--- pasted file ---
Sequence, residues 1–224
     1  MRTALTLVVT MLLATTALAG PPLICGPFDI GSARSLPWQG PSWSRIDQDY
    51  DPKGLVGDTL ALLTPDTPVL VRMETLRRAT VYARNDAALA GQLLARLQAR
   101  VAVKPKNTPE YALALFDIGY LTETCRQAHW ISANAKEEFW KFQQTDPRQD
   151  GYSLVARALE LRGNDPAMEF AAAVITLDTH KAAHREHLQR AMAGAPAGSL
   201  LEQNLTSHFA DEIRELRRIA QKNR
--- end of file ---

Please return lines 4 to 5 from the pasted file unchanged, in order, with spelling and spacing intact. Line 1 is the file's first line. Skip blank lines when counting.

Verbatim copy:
   101  VAVKPKNTPE YALALFDIGY LTETCRQAHW ISANAKEEFW KFQQTDPRQD
   151  GYSLVARALE LRGNDPAMEF AAAVITLDTH KAAHREHLQR AMAGAPAGSL